9.2 p.m.

Lord Wakeham

My Lords, the whole House will be extremely grateful to the noble Lord, Lord McNally, for raising these issues. I am delighted to give your Lordships an account of my role in the matter. The serialisation by The Times of the book on Mary Bell aroused a great deal of emotion, as did—and I am glad that the noble Lord concentrated a great deal on this because it is the big issue which worries me—the events which followed relating to Mary Bell's daughter.

The Press Complaints Commission, of which, as your Lordships will know, I am chairman, examined the issue in great detail over the summer. In July we published a long and carefully thought-out adjudication in which we ruled that The Times had acted in accordance with the industry's code of practice.

I must emphasise that at this point our decision was taken strictly in accordance with that code. It was not a moral judgment about whether the book should have been written. It was not a judgment about Mary Bell's decision to accept money. It was not a judgment about whether it is right or wrong to pay criminals, which is a matter for Parliament and the law. It was a judgment made only on the basis of a code which says that newspapers can pay criminals like Mary Bell—either directly or indirectly—provided that there is a public interest in doing so and payment is necessary for that to be done.

I have to tell your Lordships that the commission found the public interest put forward by The Times in this case to be overwhelming. It was, in a nutshell, this: does the criminal justice system actually deliver justice to children as damaged as Mary Bell was and, if not, how can it be improved?

I have to say that the public interest oozes from every pore of the book and in turn from the extracts from it which were serialised in the newspaper. They included circumstances of how a child who grew up in surroundings of depravity came to be a murderer; the connection between Bell's own crime and the abuse to which she was herself subjected; and the first authoritative account of how the penal system deals with child criminals.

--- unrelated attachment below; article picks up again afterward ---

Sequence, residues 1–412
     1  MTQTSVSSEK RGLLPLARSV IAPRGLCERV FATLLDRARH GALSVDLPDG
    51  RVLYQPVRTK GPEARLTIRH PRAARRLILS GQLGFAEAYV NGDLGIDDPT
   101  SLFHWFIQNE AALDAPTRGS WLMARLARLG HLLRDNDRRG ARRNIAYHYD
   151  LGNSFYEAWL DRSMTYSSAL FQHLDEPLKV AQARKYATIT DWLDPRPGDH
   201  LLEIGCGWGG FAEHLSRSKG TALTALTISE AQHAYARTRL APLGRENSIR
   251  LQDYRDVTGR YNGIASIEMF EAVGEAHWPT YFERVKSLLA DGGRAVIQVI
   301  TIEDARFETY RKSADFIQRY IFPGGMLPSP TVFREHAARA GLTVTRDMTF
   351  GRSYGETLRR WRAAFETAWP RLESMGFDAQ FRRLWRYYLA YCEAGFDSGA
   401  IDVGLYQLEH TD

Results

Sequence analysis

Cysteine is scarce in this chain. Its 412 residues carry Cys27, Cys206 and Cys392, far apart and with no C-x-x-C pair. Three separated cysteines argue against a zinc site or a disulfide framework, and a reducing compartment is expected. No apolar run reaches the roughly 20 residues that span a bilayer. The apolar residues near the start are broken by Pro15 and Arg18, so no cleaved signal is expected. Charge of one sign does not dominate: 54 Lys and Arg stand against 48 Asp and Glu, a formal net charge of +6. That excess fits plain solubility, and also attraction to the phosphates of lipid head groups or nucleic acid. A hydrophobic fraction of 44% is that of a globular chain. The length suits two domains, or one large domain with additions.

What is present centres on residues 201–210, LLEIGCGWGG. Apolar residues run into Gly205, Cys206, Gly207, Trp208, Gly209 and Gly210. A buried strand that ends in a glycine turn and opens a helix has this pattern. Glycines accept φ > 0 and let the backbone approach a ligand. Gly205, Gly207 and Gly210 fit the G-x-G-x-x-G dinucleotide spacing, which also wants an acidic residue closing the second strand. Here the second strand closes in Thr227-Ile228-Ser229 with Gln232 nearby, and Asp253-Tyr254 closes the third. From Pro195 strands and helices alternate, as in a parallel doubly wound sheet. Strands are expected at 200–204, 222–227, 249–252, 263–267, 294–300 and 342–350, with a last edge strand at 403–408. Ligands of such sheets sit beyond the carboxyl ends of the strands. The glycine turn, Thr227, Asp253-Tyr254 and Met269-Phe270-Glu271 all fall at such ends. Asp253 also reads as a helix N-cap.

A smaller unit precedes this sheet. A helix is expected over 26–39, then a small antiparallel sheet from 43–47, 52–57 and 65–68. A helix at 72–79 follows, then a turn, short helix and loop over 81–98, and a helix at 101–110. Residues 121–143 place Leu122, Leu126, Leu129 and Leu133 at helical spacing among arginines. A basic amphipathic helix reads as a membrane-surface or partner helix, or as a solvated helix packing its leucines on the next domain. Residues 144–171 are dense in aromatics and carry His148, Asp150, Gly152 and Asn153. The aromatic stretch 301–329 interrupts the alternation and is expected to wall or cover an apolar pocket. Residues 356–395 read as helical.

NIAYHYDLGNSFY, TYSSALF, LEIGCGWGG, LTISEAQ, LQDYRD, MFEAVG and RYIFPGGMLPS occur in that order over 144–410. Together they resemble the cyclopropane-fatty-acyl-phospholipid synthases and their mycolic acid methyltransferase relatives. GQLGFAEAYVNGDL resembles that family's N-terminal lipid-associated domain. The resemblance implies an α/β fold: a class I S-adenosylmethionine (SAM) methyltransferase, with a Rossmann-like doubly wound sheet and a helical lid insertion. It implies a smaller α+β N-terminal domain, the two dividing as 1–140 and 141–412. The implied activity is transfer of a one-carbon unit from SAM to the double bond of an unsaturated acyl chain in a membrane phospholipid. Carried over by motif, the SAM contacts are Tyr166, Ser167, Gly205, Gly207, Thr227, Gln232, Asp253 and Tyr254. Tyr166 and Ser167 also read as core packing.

All those matters were of genuine public interest—very different, I must emphasise, from what is of interest to the public, which I accept is not a justification in any circumstances—and the commission believed that the public had a right of access to the material. That is why we believed The Times was right to serialise the book and did not breach the code in doing so. What the author had to say was important and deserved a wide audience. The serialisation produced that.

In many ways, that part of our deliberation was straightforward. What disturbed me far more about the whole question of Mary Bell is what followed; namely, the alleged harassment of Mary Bell and her daughter and the apparent fact that Mary Bell was forced to reveal her identity to her daughter for the first time.

The commission had massive sympathy for Mary Bell's daughter—as indeed, if I remember rightly, did The Times—but was constrained in what action it could take. In the first place, there was an existing injunction covering the identification of Mary Bell which no one seemed to want to enforce.

Secondly, no one made a complaint to the commission, although we encouraged the social services and others to do so. Without such a complaint, it was impossible to get at the facts. It was not that we could not do anything. It was merely a question of how to get at the facts if the people concerned were not prepared to make a complaint to us.

I should have welcomed a complaint about the alleged harassment which took place and which concerned so many people. It would have given us an opportunity to make clear that the harassment of any child is unacceptable and that we shall always condemn it. But I did not have an opportunity to do so.